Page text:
Many of the students in the Ph.D. program are CCU faculty and staff, Horry County natives, and teachers in the local school systems.

“I am happy to serve that population of students because they are serving our community,” Tankersley said. “They’re teaching, they’re working in our schools, they’re working in our nonprofits. For us, having that population of students in our Ph.D. program is really gratifying because we’re able to give back in that way.”

Taking a class in education can have benefits well beyond the traditional career trajectory.

“I think a lot of times students assume that classroom teaching is the only path for those who study education, and they may think, ‘But I really don’t want to be a teacher.’ But education can take you in a lot of different directions. You could work in education policy. You could work in the nonprofit world. Or you could get into training.”

While teacher preparation is a priority, the Spadoni College team wants students to know that taking an education class is a good thing, even if they have no intention of being a classroom teacher.

Tankersley sees her role as a catalyst for progress in the expanded Spadoni College. She says the job of a dean is to make room for people to be heard, and to unleash their creativity and their innovation.


Preparing future teachers for the classroom has been a hallmark of the Spadoni College

Preparing future teachers for the classroom has been a hallmark of the Spadoni College


“I am a subject matter expert in one thing: political science,” she said. “I am not a subject matter expert in every discipline in this college. No dean in any college could be. But what I know is that the people in those departments are experts, and I just need to make room for them to excel and to create the kinds of programs that are good for students and advance their disciplines. I really think the role of a dean is creating the right environment for people to be successful.”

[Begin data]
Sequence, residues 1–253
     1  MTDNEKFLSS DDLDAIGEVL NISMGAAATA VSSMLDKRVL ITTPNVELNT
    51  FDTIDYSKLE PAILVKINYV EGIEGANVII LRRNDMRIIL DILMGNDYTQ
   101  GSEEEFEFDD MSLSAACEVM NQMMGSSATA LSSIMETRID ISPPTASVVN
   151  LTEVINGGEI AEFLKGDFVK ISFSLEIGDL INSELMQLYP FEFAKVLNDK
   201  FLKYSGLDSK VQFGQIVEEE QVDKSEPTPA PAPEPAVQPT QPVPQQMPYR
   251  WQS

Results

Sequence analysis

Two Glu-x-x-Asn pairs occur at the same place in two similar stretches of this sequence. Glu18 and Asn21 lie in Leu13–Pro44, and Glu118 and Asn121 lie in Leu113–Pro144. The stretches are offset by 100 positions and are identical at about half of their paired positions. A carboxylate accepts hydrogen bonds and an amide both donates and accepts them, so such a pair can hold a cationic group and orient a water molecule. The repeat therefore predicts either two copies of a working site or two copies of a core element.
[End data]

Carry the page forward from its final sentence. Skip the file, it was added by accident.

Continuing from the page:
Tankersley has three goals for the Spadoni College of Education and Social Sciences:

  • To create a clear brand and identity for the college, so students can identify with its degree programs and people. 
  • To develop interdisciplinary programs and collaborations on both the teaching and the research side.
  • To make sure faculty and staff feel well-supported and have the resources they need to be successful.

Tankersley is thankful for the support she has received in her new role. “I have been very lucky in the transition because even before the dean search started, there was a college formation committee, which was comprised of representatives from each department, each area that would be a part of the new college,” Tankersley said. “They agreed to stay on to be a transition committee, so they’ve been working on developing policies and procedures and answering the big questions. They have been a great source of advice and institutional knowledge for me. They’ve really done a good deal of the groundwork.”

Tankersley encourages students to keep in touch after their degree programs are completed.

“Alumni, continue to engage with the departments you graduated from. Share advice with students looking to break into a similar field or industry. Help support student opportunities through scholarships or supporting some of our centers and initiatives. Be in touch with us, and let us know what you’re doing and how you’re doing so we can celebrate your successes.”